Thursday, 30 November 2017

bloop - Initial Thoughts

So the Scala Center just announced bloop - a tool completely focused on making the Scala edit/compile/test cycle as fast as possible.

This is awesome

SBT is a beast, but most of the time, its immense powers lie idle. I am totally happy to fire up one tool for checking/fetching dependencies, publishing to repositories and other such infrequent operations, and a different that is totally focused on coding.

bloop completely rings true with the UNIX philosophy (a tool should do one thing and do it well) which has time and again shown to be the best way to build systems; the key thing being composability of elements. I'm very excited about this new development which shows that Scala is truly a developer-focused language. Go Scala!

Friday, 29 September 2017

Stack Evolution part 1

It wouldn't take too close a reading of this blog to determine that I'm a huge fan of the Play Framework. For the past 4-or-so years it has played a pivotal role in all of my Millhouse Group projects, and frequently during my "day job" as well.

The "revenue-earning" configuration I've rolled out time and time again looks almost-unfailingly like this:

Javascript JQuery, Moment.js, etc
"Presentation" JSON/AJAX HTML/LESS
Controllers Play (Reactive, Async)
Services Play - RESTful API calls Mondrian
Persistence MongoDB (via ReactiveMongo)

Yep. Decidedly unsexy, and yes, occasionally the javascript can get a bit funky and coupled to the HTML, but it works and with careful attention to the principles of Single Responsibility and Least Surprise, a "vertical slice" through the functionality would look like:

Javascript /assets/js/author.js
"Presentation" /views/html/author/author.scala.html
/assets/css/author.less
Controllers /controllers/AuthorController.scala
Services /models/Author.scala
/services/AuthorService.scala
Persistence [Authors collection in MongoDB]

... where no source file is more than 200 lines of code. Nothing too controversial there, I think you'd agree.
However...
My exposure over the last 18 months to React.js has truly opened my eyes to the potential of a true front-end application (as opposed to the very 2010-era progressively-enhanced-markup approach I've described above). In the next post I'll show the architecture I've been calling the CRAP-stack which has been making working on the Javascript front-end as pleasant as doing the heavy-lifting with Scala in the back-end (i.e. very!)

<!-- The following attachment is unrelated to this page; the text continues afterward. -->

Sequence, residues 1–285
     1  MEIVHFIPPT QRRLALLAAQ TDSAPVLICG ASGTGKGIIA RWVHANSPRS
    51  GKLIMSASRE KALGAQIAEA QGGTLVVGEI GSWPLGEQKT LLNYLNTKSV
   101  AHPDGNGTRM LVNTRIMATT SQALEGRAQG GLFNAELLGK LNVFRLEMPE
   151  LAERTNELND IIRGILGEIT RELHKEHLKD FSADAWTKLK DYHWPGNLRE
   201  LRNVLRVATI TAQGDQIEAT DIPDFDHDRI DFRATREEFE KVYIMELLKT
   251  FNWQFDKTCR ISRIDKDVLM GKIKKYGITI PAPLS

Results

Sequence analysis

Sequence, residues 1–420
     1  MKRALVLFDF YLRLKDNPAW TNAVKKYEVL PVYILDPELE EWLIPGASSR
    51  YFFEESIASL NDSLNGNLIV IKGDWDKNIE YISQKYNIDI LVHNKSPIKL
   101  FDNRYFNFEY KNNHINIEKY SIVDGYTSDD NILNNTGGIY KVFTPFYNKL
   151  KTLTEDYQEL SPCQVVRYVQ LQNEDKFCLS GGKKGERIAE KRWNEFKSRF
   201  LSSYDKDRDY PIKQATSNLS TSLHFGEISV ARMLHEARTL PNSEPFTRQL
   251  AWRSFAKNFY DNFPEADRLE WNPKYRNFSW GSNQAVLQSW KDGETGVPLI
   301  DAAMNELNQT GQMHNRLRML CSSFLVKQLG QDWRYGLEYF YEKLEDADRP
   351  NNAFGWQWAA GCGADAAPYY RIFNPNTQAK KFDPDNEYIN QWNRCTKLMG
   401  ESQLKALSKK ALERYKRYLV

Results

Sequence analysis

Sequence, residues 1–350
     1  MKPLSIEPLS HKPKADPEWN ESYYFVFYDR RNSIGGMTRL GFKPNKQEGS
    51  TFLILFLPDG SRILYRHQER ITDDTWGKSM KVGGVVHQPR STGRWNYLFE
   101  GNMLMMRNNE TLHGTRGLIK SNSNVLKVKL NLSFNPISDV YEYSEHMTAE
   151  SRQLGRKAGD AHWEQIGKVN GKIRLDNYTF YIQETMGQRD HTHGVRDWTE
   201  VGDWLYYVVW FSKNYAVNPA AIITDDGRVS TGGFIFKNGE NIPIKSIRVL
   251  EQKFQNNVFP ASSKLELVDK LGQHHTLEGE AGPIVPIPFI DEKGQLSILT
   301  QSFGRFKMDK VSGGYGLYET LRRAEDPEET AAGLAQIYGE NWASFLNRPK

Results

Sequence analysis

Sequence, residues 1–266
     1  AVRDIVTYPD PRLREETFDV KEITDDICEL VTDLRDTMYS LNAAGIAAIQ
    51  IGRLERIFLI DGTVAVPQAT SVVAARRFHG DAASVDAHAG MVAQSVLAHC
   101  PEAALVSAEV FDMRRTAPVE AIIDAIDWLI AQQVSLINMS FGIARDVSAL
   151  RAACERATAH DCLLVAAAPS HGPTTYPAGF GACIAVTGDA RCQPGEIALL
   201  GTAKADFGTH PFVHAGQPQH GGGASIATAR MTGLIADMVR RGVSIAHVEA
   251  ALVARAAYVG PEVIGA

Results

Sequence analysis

Tuesday, 29 August 2017

Don't Fetch What You Don't Need

I've been using GraphQL a bit at work recently - it's an interesting approach that seems in many ways to be the next evolution of RESTful APIs, where the client gets to choose exactly what they'd like the server to return to them.

GraphQL is a work-in-progress. The data type primitives are very limiting (how can I represent a UNIX/JavaScript timestamp with just an Int?), and always POSTing to the server seems like a backward step to the bad-old-days of SOAP. But as with all things in the JavaScript world, it's improving at a truly breakneck pace.

Something that I immediately saw as valuable was being able to save bandwidth by not including fields in the desired response - it also felt familiar, and yesterday I realised why - in MongoDB it's trivially easy to do this whenever you write a query. This excellent feature was sadly not exposed in my Mondrian library for Scala; something I've now rectified in the 0.6.x release.

Some quick tests involving documents that had large arrays of heavyweight fields showed that dropping them using a projection typically saved 50ms of latency, even on very small collections of documents. This has worked out very well for the use case of my current top-secret side project, where upon arrival at the front page, we need to quickly fetch a "summary" version of the most-recent 10 documents. The page visitor can then browse these and we can paginate for more summaries, or, if they are interested in a particular summary, we perform a findById and get the full "heavy" object.

Saturday, 8 July 2017

The CRAP Stack, Part 3 - Front-End Routes with a Play server

As I continue to develop my React app that is hosted on a Play backend, I've come across the need to support "front-end routes"; that is, URLs that look like this:
  http://myapp.com/foo/bar
where there is no explicit entry for GET /foo/bar in Play's routes and nor is there a physical asset located in /public/foo/bar for the Assets controller to return to the client, as we set up in the last instalment:
  # Last of all, fall through to the React app
  GET /       controllers.Assets.at(path="/public",file="index.html")
  GET /*file  controllers.Assets.at(path="/public",file)
What we'd like is for the React application at index.html to be served up, so that it can then consume/inspect/route from the original URL via the Window.location API.

As it stands, the last line of routes will match, the Assets controller will fail to find the resource, and your configured "client error handler" will be called to deal with the 404. This is not what we want for a "front-end route"!

We want requests that don't correspond to a physical asset to be considered a request for a virtual asset - and hence given to the React app. And after a bit of fiddling around, I've come up with a FrontEndServingController that gives me the most efficient possible way of dealing with this. The Gist is available for your copy-paste-and-improve pleasure, but the key points are:

The fall-through cases at the bottom of routes become:
  GET /       controllers.FrontEndServingController.index
  GET /*file  controllers.FrontEndServingController.frontEndPath(file)
Those methods in FrontEndServingController just being: